William W. Jeanes, Sr.
January 12, 1909-January 17, 1987
- Born in Wayne, Pennsylvania. Spent early years in southeastern Pennsylvania and then 50 years in the Upper Chesapeake region at Elk River, Maryland.
- Earned degrees in engineering and geology at Harvard University, class of 1931.
- Documented the long-term effects of the Conowingo Dam on the Upper Chesapeake portion of the bay and the nearby Susquehanna River as well as recorded the massive fish kills on the Susquehanna.
- Co-founded the Upper Chesapeake Watershed Association in 1952 and served as its president for eight years. Led the Upper Chesapeake Watershed Association in its role as intervener in the relicensing proceedings for all four hydroelectric dams on the lower Susquehanna River to ensure that fish passage facilities would be provided and that adequate minimum flows would be maintained at the Conowingo Dam.
- Fought against the widening of the Chesapeake and Delaware Canal, including testifying before Congress.
- Was an advocate for farm land preservation and land use planning and placed considerable portions of his land in trust to be kept as a natural preserve.
- Helped to develop the Cecil County Zoning Master Water & Sewer Plan.
Recipients of the William W. Jeanes, Sr., Award
2011: Bernard McGurl
Mr. McGurl was recognized for his work to protect water quality in the Susquehanna watershed. Mr. McGurl, a fourth generation native of Northeast Pennsylvania and a Scranton resident, has been the Executive Director of the Lackawanna River Corridor Association (LRCA) since 1991. Mr. McGurl and a group of community volunteers founded LRCA in 1987 to promote the restoration and conservation of the Lackawanna River and its watershed resources. He served as the organization's president in a voluntary capacity from 1989-1991.
2009: The Nature Conservancy
The Nature Conservancy was recognized for its work to protect water quality in the Susquehanna watershed. Mary Bryer, director of the Conservancy's Chesapeake Bay Program, accepted the award on behalf of the organization. The Conservancy has worked to conserve natural resources in the Susquehanna River Basin, including protecting more than 25,000 acres of lands throughout the Susquehanna Basin, many of which are located in headwater areas critical for providing clean and abundant water.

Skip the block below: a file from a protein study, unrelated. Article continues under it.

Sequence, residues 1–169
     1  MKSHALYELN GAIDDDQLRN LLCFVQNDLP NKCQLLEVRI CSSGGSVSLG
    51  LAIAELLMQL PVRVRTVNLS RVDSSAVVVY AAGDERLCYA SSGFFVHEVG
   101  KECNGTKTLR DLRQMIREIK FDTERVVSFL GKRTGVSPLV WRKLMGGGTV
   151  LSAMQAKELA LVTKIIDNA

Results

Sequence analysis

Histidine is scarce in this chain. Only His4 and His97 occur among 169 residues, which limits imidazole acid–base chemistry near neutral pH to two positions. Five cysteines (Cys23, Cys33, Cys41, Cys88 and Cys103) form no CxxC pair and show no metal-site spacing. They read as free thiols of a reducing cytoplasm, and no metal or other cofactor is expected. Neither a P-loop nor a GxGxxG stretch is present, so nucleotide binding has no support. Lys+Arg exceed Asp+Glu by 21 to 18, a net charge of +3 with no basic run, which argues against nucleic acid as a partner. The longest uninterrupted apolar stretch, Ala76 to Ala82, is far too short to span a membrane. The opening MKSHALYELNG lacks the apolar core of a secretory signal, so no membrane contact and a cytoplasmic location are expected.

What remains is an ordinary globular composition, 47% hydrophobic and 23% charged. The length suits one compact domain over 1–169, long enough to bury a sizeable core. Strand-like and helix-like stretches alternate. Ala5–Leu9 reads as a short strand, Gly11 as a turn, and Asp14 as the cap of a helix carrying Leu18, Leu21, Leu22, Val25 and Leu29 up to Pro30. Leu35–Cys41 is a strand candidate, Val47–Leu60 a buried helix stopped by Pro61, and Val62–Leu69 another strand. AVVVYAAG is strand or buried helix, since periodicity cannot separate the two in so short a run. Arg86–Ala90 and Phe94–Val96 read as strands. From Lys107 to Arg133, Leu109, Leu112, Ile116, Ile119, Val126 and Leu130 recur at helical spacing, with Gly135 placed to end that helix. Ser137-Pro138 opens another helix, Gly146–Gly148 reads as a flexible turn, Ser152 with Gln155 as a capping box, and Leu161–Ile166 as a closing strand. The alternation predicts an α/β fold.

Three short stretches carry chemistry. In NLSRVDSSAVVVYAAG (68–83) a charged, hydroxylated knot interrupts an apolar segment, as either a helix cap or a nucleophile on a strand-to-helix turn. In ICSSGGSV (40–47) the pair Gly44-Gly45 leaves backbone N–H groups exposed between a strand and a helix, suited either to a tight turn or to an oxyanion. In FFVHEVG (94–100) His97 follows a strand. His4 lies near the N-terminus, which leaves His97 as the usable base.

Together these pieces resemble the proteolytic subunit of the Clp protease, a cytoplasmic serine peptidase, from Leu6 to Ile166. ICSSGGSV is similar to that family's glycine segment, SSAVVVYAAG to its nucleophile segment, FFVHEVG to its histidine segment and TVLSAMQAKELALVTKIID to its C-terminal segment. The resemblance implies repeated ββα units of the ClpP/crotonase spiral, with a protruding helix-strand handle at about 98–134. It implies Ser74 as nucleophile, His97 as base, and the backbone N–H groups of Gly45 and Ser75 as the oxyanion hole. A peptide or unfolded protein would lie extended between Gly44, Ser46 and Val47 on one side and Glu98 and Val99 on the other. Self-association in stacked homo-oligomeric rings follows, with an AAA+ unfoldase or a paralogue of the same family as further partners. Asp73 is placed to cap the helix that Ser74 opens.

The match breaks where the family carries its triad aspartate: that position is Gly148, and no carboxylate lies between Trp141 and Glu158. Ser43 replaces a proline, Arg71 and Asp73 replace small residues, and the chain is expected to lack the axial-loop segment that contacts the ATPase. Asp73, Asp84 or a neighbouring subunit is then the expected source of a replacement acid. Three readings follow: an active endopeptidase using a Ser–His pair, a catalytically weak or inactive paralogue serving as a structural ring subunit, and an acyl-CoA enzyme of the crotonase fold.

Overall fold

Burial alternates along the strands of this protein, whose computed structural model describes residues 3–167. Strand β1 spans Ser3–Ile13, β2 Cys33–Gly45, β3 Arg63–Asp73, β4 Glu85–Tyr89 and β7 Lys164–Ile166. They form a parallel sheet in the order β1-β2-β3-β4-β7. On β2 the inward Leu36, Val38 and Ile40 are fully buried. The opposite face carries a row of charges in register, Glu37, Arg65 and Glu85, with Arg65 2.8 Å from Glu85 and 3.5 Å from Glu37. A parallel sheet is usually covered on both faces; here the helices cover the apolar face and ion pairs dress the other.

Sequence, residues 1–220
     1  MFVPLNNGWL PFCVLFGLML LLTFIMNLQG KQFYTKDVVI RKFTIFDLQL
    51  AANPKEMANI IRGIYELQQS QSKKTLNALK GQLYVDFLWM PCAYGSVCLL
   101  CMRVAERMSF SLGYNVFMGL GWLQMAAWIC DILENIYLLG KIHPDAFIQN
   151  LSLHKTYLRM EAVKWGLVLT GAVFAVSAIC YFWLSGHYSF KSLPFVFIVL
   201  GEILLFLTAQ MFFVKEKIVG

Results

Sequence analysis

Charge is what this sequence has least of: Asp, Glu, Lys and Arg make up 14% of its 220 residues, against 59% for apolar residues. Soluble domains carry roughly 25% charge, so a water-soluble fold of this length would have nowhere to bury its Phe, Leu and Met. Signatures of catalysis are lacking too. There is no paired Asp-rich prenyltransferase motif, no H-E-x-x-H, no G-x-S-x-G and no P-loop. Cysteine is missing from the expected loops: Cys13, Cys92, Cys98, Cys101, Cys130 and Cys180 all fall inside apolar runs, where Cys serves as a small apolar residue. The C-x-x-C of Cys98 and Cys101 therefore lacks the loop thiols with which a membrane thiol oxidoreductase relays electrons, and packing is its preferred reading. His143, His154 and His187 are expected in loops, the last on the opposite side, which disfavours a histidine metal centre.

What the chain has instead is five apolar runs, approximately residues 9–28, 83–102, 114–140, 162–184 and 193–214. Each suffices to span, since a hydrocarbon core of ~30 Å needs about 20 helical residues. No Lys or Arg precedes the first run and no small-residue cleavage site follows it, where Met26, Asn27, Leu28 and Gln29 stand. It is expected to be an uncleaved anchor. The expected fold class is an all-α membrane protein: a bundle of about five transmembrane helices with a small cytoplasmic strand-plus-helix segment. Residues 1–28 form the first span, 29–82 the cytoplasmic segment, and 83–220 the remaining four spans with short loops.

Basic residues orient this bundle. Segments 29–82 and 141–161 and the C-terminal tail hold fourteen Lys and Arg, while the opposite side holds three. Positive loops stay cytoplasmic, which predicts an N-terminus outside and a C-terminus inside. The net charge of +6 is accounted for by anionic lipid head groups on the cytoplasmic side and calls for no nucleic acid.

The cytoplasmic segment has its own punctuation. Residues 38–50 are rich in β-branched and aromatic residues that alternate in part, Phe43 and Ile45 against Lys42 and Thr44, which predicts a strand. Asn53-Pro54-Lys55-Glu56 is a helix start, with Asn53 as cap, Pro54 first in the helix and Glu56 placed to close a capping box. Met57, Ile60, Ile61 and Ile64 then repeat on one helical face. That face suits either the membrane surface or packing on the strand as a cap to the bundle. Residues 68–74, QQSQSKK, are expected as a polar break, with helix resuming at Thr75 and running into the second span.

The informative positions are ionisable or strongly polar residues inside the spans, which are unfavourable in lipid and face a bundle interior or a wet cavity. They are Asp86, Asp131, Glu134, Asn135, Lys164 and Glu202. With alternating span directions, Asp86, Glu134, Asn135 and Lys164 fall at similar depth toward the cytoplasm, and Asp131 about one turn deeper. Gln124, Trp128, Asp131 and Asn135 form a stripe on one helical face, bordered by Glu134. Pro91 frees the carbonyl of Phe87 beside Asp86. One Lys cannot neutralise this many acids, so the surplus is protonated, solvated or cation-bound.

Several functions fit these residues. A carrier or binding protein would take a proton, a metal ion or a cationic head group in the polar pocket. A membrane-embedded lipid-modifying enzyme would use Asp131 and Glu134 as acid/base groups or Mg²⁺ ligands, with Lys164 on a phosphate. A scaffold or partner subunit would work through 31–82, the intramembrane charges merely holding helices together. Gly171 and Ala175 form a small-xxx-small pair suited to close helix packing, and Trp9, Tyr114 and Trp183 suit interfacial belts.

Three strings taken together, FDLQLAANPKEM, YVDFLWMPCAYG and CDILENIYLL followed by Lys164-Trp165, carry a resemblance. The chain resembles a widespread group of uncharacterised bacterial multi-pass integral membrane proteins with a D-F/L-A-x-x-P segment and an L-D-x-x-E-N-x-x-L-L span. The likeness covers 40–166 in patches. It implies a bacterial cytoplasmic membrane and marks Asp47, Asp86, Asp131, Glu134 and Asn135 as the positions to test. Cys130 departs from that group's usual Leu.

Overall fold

2009: Robert E. Hughes
Mr. Hughes was recognized for his commitment and dedication to abandoned mine reclamation and abandoned mine drainage (AMD) remediation. He served as the executive director of the Eastern Pennsylvania Coalition for Abandoned Mine Reclamation--a nonprofit organization covering 16 counties in eastern Pennsylvania. Mr. Hughes is an advocate for innovative, environmental sound reclamation and AMD remediation techniques.
2007: John Dawes
Mr. Dawes of Alexandria, Huntingdon County, was recognized for his contributions to water quality protection and support of watershed groups, particularly as Administrator of the Western Pennsylvania Watershed Program, which provides financial support and guidance to local watershed and volunteer-based organization. Mr. Dawes was also cited for his leadership in several watershed organizations and for working tirelessly in 2006 with a coalition that assisted in the landmark reauthorization of the Surface Mining Control and Reclamation Act.
2006: Skip Weider
Mr. Weider was recognized for his leadership and dedication to improving water quality and enhancing the quality of life in the Susquehanna River Basin. He served as Sr. Vice President Emeritus and Sr. Consultant for Geisinger Health System and Vice Chair of WVIA-the public television and radio broadcasting affiliate in northeastern Pennsylvania. Among his many notable environmental contributions, Mr. Weider is a founding member and director of the Susquehanna River Heartland Coalition for Environmental Studies.
2005: PPL Project Earth
PPL Project Earth was PPL Corporation's company-wide commitment to the environment, showcasing environmental education, emission reduction efforts, and the employee-based volunteer program. PPL Project Earth was the first to partner with the Commission in 2000 to kick-off the Streamside Cleanup Program, a public-private partnership designed to help communities and local grassroots organizations to reduce the amount of litter impacting the environment.
2002: Harry Barnes
Mr. Barnes was a dedicated environmentalist for many years, and his emphasis on environmental education and hands-on learning have been invaluable since the late 1960s. He was recognized for spearheading the creation of the Susquehanna River Watch Program while working for the Board of Cooperation Education Services in Binghamton, New York. His emphasis on watershed management in his teachings helped students and teachers better understand the water quality problems associated with erosion and the importance of maintaining healthy stream-side buffers along waterways.
2000: Betty Conner
Ms. Conner was recognized for her lifelong interest in conservation and nature. Ms. Conner served as the Land Use Specialist for the League of Women Voters of Pennsylvania. Prior to that position, she served as the League's Director of Natural Resources, where she participated in a number of state-level advisory committees and boards. She has also been involved as an active member of Swatara Creek Watershed Association and Capital Region Water Board.